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By Jessica Travis on Wednesday, June 29, 2016
Just two years after its defeat, Medical Marijuana has made its way back onto the Florida ballot. The Florida Right to Medical Marijuana Initiative (Amendment 2) will be on the ballot on November 8, 2016. Last time Medical Marijuana was on the Florida ballot, the proposed amendment failed to get the 60% approval vote required for State Constitutional Amendments. In 2014 Medical Marijuana received 57.62% vote in favor of the amendment, missing the required 60% by just 2.38%.
Those in favor of legalizing the use of medical marijuana by individuals with debilitating medical conditions argue that marijuana has far fewer serious side effects than many prescription drugs currently on the market. They feel that medical marijuana should be legal, given that other drugs prescribed by physicians, such as morphine, have a far higher dependence rate and risk of overdose than medical marijuana. Those in favor argue that legalizing medical marijuana is
about compassion for patients suffering from glaucoma, cancer, epilepsy, HIV/AIDS and other debilitating illnesses.
The new initiative contains explicit language clarifying areas that opponents of medical marijuana were concerned about two years ago. The 2016 version contains language that will require written parental consent before a physician can prescribe medical marijuana to a minor. The new language also does not require correctional institutions or detention facilities to provide medical marijuana to inmates.
The 2016 version also further explains the “other conditions” mentioned in the 2014 version. Amendment 2 will allow the medical use of medical marijuana for debilitating diseases including cancer, epilepsy, glaucoma, HIV/AIDS, PTSD, and Parkinson’s. Amendment 2 further defines the “other conditions” to include “medical conditions of the same kind or class as or comparable” to those mentioned above.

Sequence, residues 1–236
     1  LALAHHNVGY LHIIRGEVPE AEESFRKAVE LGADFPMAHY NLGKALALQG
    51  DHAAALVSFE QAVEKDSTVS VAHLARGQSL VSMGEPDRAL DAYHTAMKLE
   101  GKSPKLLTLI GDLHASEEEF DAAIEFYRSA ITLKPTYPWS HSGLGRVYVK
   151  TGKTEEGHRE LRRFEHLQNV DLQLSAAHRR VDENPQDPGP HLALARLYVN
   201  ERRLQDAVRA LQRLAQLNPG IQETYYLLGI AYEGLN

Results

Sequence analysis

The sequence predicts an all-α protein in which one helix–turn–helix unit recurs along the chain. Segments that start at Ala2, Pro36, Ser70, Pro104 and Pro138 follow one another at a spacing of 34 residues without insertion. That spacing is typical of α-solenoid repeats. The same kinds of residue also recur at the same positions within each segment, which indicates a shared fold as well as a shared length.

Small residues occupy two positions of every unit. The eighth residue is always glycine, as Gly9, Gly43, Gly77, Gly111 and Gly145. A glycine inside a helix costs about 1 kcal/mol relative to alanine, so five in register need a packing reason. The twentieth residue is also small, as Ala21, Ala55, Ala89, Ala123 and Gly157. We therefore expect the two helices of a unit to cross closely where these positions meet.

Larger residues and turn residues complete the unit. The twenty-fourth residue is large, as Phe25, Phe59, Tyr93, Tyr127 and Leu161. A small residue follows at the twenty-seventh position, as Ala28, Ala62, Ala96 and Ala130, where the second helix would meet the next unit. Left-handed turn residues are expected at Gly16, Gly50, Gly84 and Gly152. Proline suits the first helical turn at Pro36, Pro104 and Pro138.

To view the full text of the proposed amendment, go to: http://www.unitedforcare.org/ballot_language_1
In Orlando, the city commission recently voted to approve a new ordinance that will decriminalize small amounts of marijuana. This ordinance will take effect Oct. 1, 2016, and will make the possession of 20 ounces or less of marijuana a misdemeanor, where first time offenders will face a $100 fine, second time offenders will face a $200 fine, and the third and subsequent offenses will result in a mandatory court hearing.
Currently, and until the new ordinance goes into effect in October, marijuana possession of 20 ounces or less carries a punishment of up to a year in jail and a fine up to $1000. This new ordinance is only for
the city of Orlando, and therefore will only be applicable to a limited geographic area. Marijuana possession will still be a crime and can still result in an arrest and criminal prosecution. Possession of more than 20 ounces of marijuana will still be considered a third degree felony and could result in a maximum sentence of five years in prison.
It is important to remember that possession of marijuana, in any amount, whether for medical or recreational purposes is a crime. If you have been arrested and charged with a crime relating to marijuana, it is important that you contact an experienced criminal defense attorney with knowledge and experience in this aspect of the law.
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FAILED A DRUG TEST WHILE ON PROBATION? I CAN HELP!
Accusations of probation violations have serious consequences, but you are not helpless to their consequences. You can fight back.
Contact the Law Office of Jessica Travis, P.A., in Orlando, Florida, and I can meet with you confidentially, discuss your options and help you limit — or eliminate — any negative consequences of an alleged probation violation.